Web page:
California law has the back of new and expectant mothers who need workplace accommodations during pregnancy or time and space to breastfeed after giving birth. By following the laws, employers protect the moms-to-be and babies. Unfortunately, when employers disregard their legal obligations, the consequences for women and their babies can be huge – premature delivery, back injuries, undernourished babies, even stress-related miscarriage.
A recent article in the Huffington Post exemplifies the suffering one employee experienced when Albertson’s failed to accommodate her most basic requests for accommodations: she delivered prematurely and her newborn died. In a recent blog post detailing this tragic case, the public interest law firm, Public Justice, calls for action at the federal level to extend the types of protections available under California law across the nation. Blogger and Public Justice staff attorney Claire Prestel touts the recommendations of an important recent report by the National Women’s Law Center and A Better Balance —
So here’s a newsflash that shouldn’t be news to anyone: More and more pregnant women are working, working closer to their due dates, and providing essential income and benefits for their families. This means that if we are going to get serious about restoring the middle class, part of our effort must go to protecting these women so they can support their families. The NWLC/ABB report outlines concrete steps that can and should be taken right now, including guidance the EEOC can issue without presidential or congressional action.
Another recent blog post from Public Justice senior attorney Victoria Ni, The Facts of Life, describes the long struggle women have experienced to secure their right to breastfeed their babies while supporting their families by working. In California, the law was amended this year to ensure that discrimination based on sex specifically included breastfeeding. Despite this, many women continue to experience difficulties trying to pump breast milk during work hours. Unfortunately, even a day or two of interrupted pumping can have significant and ongoing effects on a mother’s ability to breastfeed their newborn. While certainly not as extreme as the death of a newborn, the inability to supply one’s child with breast milk can have serious long-term effects on the health of one’s baby.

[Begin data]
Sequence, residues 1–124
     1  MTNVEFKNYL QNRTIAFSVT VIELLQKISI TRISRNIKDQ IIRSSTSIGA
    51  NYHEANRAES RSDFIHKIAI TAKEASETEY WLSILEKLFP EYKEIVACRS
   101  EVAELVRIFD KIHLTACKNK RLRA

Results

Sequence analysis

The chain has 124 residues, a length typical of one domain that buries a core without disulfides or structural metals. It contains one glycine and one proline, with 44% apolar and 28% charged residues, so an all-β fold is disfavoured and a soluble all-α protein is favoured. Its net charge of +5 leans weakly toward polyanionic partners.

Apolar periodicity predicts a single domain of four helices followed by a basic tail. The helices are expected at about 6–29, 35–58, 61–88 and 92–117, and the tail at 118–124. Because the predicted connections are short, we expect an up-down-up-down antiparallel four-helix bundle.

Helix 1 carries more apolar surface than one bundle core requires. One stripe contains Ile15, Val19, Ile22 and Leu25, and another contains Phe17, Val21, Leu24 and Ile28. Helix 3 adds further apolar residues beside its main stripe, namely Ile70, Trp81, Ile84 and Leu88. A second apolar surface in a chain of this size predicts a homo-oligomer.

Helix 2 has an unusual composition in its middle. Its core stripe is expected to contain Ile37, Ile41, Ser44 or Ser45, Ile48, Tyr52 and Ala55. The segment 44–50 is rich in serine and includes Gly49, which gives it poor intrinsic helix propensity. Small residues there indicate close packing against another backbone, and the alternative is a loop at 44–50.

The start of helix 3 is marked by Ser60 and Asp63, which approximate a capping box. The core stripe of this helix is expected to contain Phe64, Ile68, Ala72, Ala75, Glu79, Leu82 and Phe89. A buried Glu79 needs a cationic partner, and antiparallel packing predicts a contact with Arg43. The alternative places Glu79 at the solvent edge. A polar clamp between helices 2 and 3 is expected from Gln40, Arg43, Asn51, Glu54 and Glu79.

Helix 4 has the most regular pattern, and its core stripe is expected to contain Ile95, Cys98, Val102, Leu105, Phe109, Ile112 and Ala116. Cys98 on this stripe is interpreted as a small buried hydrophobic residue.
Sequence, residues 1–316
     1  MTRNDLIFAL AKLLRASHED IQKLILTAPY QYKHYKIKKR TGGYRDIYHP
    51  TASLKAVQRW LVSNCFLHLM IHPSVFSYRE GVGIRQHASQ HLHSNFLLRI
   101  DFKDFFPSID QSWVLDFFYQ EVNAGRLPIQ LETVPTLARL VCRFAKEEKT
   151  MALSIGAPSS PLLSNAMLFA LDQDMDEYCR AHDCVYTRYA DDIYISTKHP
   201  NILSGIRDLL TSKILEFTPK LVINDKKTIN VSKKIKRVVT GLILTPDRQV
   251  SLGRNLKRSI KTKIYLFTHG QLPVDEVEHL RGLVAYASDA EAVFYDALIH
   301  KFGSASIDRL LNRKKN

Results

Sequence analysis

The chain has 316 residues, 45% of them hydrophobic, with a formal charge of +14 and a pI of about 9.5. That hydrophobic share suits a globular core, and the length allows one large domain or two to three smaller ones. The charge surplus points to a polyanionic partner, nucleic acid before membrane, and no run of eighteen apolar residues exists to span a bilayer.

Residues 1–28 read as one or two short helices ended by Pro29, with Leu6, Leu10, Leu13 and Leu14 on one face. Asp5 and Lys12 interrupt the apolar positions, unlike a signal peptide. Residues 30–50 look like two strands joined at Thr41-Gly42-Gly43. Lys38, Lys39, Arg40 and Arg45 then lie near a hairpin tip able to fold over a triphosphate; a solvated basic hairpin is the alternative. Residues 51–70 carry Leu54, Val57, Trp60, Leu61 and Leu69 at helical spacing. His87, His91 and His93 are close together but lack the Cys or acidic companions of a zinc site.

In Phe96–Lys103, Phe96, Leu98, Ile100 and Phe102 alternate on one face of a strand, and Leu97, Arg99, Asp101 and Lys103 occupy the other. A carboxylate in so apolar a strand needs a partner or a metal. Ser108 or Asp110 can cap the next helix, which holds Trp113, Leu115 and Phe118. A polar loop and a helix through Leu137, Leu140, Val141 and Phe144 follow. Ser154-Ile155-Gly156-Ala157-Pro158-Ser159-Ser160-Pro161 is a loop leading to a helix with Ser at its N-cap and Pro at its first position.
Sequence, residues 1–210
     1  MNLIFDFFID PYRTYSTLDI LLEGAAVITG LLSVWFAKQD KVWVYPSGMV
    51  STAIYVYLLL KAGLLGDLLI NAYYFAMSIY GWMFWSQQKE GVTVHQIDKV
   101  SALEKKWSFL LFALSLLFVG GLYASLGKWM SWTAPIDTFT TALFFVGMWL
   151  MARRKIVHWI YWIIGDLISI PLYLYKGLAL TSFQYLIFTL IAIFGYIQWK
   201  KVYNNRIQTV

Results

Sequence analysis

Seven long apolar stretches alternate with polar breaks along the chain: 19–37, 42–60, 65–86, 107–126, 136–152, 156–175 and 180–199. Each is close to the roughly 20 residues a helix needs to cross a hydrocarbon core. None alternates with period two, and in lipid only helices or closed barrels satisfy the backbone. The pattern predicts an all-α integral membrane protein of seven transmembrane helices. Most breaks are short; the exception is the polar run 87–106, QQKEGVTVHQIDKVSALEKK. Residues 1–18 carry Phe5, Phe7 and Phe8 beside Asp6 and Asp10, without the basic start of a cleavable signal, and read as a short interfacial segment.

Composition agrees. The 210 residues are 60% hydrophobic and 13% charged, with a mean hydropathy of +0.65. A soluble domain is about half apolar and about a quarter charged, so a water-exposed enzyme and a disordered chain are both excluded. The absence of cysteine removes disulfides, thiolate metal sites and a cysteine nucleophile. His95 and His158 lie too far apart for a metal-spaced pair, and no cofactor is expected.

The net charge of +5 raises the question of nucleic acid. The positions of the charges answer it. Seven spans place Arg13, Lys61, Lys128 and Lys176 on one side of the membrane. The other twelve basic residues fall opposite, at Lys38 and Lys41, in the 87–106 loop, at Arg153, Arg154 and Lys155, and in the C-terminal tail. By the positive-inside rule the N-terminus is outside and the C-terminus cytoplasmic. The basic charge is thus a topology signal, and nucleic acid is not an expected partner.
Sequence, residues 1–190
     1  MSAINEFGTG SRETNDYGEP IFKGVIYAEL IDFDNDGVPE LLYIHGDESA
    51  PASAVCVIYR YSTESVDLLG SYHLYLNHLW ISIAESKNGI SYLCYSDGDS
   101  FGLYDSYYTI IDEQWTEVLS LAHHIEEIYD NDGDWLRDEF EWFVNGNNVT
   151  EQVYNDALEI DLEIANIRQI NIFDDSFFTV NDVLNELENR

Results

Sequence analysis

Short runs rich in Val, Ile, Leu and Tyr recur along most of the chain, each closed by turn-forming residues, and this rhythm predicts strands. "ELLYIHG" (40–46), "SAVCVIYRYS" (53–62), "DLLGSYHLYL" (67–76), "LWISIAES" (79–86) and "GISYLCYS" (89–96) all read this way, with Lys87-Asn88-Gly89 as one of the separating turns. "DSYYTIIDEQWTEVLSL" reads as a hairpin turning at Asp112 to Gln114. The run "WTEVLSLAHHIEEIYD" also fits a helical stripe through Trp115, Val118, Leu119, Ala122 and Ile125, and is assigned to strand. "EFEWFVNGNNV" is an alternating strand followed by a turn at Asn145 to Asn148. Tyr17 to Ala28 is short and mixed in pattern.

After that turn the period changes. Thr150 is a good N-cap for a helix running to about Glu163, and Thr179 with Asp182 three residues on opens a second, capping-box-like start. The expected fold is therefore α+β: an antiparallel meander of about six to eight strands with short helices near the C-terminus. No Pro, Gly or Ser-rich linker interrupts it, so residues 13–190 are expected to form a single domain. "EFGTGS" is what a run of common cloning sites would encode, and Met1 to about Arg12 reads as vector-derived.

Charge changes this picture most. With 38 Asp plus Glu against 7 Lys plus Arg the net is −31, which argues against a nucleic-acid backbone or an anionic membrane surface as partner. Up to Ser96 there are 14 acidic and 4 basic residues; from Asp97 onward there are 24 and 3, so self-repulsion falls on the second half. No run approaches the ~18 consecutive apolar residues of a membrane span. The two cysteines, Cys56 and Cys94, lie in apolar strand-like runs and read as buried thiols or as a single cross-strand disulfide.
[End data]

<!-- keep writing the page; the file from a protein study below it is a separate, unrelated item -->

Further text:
Often the accommodations female employees need are as simple and obvious as not requiring a pregnant woman to lift heavy items or to allow a woman with gestational diabetes the ability to eat regular snacks during work so her blood sugar can remain stable. For women who wish to breastfeed, the accommodation is usually as straightforward as providing them with a private space (not a bathroom stall) and time to pump breast milk.
In view of how long and hard employees had to fight to establish these reasonable and simple laws, it should perhaps not come as a surprise that employers continue to fight long and hard to resist following them. But resistance to change does not justify the serious consequences to women and the long-term harms suffered by infants, all of which can be prevented in California through enforcement of the legal protections.